County of Residence: Cambria, formerly Indiana County
Preferred Pronouns: I’m a she, her, girl
How do you describe your identity? I’m a white femme lesbian.
Please describe your coming out experience. Where did you find support? What challenges did you face? I was 20 years old and living with my first girlfriend, and I told my aunt we were more than just friends. We worked together, and my aunt was worried because coworkers were gossiping. My aunt was afraid I was forced into the relationship. The challenges I faced were minor; most people were shocked because I don’t “look lesbian”
How would you describe yourself NOW in terms of “being out”? I just am what I am. I work in a drug rehab as a nurse, so I’m not out to everyone, but if they find out or ask, I’m honest. Actually you really can’t have too many secrets in that environment, so I’m sure more patients know than I realize.
Storytelling is solidarity. Join us and share your story in our archive http://bit.ly/AmplifyLGBTQ
Tell me about the first LGBTQ person whom you met. What impact did they have on your life? My high school gym teacher. She was just a normal woman. Cared about her students. I was fascinated that she was just like everyone else. Not a “weirdo”
Past or present, favorite LGBTQ character or creator in television, film or literature? Please tell us why. Xena…she’s perfect. Tough with a soft side ❤️
How do you stay informed about LGBTQ issues? Facebook, NPR, online news
Describe your geographical community. Bit of a mix. Grew up in rural PA, now in a depressed area with a lot of lower income and unemployment. Overall LGBT “tolerant”.
Describe your local or regional LGBTQ community. I used to belong to “Indiana county cares campaign to end homophobia”…ICC for short. It was early 2000’s. I was much more involved when I was younger. Not much of a community in Johnstown, PA
Have you ever experienced discrimination based on your identity? Specifically, in a job setting, when applying for housing or while in public. I was fired because me and my partner at the time we’re trying to have a baby by IVF.
Tell us about your access to health care in Western PA. Has it been LGBTQ competent (or not?) I don’t have a problem, I believe because I’m comfortable with myself. If the healthcare professionals are homophobic, I call them out on it and move on. I know it’s easier for me because I’m femme and can “pass” as straight.
Are there issues impacting your LGBTQ neighbors that aren’t visible or part of the local dialogue? There is more homophobia towards gay men in my area. I’ve heard they have difficulty finding doctors and hospitals that treat them appropriately. Most people seem to keep to themselves. Indiana has IUP, college towns are much more inclusive.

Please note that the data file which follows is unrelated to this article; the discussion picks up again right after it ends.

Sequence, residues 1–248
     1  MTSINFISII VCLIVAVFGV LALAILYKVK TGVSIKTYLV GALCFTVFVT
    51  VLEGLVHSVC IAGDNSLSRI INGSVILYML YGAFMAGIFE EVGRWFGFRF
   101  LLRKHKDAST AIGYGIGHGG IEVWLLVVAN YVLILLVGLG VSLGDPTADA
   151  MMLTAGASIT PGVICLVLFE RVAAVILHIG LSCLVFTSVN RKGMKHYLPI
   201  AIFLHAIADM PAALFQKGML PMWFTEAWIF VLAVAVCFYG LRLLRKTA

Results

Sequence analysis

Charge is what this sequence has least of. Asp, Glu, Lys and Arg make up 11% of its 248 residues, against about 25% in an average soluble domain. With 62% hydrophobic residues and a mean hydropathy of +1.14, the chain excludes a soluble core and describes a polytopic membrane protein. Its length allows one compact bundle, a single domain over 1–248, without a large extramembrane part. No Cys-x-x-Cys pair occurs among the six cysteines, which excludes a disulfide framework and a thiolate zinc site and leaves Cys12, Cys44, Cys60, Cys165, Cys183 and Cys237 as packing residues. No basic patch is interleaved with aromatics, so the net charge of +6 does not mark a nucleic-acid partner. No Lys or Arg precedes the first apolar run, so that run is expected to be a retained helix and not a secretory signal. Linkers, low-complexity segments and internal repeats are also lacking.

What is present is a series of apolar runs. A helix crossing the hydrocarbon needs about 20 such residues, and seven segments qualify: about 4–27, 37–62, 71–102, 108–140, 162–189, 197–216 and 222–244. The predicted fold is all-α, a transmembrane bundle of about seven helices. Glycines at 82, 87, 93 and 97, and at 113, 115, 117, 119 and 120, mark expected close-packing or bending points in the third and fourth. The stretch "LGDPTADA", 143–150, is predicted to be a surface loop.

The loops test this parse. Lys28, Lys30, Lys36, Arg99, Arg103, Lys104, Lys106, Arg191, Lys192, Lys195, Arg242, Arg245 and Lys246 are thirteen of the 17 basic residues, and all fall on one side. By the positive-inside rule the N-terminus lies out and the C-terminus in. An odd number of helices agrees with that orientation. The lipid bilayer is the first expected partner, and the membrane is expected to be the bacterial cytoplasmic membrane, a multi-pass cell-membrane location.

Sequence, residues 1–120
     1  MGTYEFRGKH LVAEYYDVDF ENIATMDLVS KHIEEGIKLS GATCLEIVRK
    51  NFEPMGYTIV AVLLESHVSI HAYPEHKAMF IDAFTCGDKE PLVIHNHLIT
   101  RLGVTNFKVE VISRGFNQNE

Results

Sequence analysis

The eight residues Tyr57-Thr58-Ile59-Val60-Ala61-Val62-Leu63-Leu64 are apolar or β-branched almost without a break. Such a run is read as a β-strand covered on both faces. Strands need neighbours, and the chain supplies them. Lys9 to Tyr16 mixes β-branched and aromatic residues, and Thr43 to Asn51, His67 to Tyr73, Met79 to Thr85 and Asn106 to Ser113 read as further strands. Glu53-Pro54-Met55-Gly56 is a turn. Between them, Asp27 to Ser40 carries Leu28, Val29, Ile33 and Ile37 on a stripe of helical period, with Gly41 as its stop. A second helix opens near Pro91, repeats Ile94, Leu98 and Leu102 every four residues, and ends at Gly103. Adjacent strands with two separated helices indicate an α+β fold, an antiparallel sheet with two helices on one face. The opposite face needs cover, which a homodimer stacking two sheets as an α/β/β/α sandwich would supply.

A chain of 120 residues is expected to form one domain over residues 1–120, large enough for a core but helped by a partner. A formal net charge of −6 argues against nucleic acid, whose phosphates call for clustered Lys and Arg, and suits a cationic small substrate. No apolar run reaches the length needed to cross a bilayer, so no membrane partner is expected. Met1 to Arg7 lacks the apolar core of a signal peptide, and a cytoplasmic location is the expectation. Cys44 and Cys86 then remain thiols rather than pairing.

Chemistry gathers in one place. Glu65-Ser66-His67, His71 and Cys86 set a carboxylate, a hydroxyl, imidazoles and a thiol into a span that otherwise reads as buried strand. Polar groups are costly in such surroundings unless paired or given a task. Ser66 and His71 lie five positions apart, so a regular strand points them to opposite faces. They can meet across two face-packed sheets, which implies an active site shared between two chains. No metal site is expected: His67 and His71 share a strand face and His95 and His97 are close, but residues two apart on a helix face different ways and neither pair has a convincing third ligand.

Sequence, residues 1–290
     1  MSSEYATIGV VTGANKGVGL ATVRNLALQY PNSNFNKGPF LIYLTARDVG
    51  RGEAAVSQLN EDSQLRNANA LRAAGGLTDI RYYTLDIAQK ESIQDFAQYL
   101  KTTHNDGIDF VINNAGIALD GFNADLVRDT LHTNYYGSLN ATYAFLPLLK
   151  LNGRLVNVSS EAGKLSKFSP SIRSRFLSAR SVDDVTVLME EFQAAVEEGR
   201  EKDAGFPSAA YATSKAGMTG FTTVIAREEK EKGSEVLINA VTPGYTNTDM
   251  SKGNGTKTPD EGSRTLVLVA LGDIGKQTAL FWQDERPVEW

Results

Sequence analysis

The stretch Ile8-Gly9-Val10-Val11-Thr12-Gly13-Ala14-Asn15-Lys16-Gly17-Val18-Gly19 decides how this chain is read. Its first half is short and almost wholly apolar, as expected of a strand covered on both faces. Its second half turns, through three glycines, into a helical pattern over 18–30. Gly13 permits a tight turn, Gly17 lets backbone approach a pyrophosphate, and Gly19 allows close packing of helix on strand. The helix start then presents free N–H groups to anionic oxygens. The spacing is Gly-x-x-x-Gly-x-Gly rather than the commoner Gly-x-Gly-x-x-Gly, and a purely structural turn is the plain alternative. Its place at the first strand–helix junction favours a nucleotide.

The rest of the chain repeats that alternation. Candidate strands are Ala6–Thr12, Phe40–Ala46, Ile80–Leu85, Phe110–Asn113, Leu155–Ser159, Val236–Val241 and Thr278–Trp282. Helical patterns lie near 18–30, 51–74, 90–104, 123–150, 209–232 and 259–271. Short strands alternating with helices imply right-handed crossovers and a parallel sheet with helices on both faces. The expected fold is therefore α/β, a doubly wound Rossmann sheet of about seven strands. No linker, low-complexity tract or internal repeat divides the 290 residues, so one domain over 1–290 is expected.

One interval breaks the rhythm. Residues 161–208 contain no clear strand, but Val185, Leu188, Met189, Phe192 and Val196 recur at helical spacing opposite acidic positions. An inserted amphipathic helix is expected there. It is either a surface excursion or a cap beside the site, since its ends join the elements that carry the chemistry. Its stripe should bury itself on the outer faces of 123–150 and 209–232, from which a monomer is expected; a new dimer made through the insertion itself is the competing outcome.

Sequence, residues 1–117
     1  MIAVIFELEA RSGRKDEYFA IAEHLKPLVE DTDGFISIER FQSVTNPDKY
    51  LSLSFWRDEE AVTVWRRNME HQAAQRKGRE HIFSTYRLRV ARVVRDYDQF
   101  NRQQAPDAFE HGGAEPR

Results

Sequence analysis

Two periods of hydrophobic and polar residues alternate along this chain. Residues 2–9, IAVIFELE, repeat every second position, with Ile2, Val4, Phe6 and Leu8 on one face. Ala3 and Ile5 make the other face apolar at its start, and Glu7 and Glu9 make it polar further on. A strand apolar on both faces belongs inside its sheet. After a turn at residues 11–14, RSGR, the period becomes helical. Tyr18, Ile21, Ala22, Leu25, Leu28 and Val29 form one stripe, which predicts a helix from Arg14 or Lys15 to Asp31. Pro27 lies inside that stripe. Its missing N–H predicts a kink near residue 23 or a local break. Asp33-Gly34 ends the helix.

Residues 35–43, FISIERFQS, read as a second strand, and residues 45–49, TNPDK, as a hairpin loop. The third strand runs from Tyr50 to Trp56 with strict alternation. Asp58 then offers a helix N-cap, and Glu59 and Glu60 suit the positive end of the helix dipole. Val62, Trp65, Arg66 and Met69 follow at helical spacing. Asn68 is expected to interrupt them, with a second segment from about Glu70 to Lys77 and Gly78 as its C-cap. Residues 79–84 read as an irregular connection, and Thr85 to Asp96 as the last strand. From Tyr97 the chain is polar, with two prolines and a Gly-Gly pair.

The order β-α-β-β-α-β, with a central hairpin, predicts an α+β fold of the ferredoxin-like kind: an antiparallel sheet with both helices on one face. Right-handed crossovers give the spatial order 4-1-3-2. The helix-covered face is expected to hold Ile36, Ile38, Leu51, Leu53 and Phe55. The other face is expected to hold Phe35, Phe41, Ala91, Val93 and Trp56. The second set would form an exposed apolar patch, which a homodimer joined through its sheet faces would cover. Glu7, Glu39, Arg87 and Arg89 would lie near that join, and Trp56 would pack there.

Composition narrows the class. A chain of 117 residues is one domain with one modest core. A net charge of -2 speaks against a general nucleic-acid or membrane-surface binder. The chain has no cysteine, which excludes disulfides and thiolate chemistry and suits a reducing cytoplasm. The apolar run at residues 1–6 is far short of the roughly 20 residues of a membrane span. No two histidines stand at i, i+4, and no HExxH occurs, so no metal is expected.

What would you like to see elected officials do to improve life for LGBTQ Pennsylvanians? Just equality.
Please share a lived experience, anecdote or fact about life as an LGBTQ person in your community. Just because I’m femme doesn’t mean I can be “converted”. I love masculine women, and I feel women need to embrace their masculinity and not hide it. “Butch” should not be a negative word.
Beyond discrimination, what other barriers create challenges for your LGBTQ neighbors? Healthcare.
What LGBTQ friendly resources are available for your neighbors? None close by.
What is your greatest fear for the LGBTQ community in Western Pennsylvania? Our marriage equality will be taken away
What is your greatest hope for the LGBTQ community in Western Pennsylvania? We join together and become family, even in economically depressed areas like Johnstown.
What can allies do to support your LGBTQ community? Just be there.
How can gay men and lesbians support the bisexual, transgender and queer members of our community? Be visible.
What motivated you to take part in this project? Saw it on Facebook. I miss being part of a community
Finally, what question should I have asked? Please also share your answer. It was all good.
Thank you, Heather.
Read the entire AMPLIFY LGBTQ Q&A archive.
AMPLIFY LGBTQ is a series of blog posts designed to give a “signal boost” to the voices of our LGBTQ neighbors throughout Western Pennsylvania. These are glimpses in to the lived experiences of LGBTQ people in Western Pennsylvania as told in their own voices.
Our intent is to highlight the voices of marginalized members of our community who are not always invited to the table or whose voices are not heard. If you would like to participate, visit the online Q&A which takes about 30 minutes.
Join the Steel City Snowflakes with a one time or recurring investment in our projects. Click the image to see our current snowflakes.
Follow us on Twitter @Pghlesbian24